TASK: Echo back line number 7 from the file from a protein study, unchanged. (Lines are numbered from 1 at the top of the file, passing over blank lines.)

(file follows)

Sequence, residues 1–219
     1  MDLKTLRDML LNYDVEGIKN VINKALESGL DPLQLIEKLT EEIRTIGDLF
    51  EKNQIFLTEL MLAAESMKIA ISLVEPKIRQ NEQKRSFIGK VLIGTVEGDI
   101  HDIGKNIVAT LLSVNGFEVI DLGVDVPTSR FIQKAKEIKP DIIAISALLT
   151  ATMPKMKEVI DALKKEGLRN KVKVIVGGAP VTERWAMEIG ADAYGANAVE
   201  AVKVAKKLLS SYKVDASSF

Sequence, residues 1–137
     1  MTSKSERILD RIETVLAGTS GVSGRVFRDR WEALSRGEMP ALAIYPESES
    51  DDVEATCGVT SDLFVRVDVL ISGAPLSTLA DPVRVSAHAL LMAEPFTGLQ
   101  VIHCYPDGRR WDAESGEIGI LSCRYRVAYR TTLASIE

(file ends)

Sequence, residues 1–137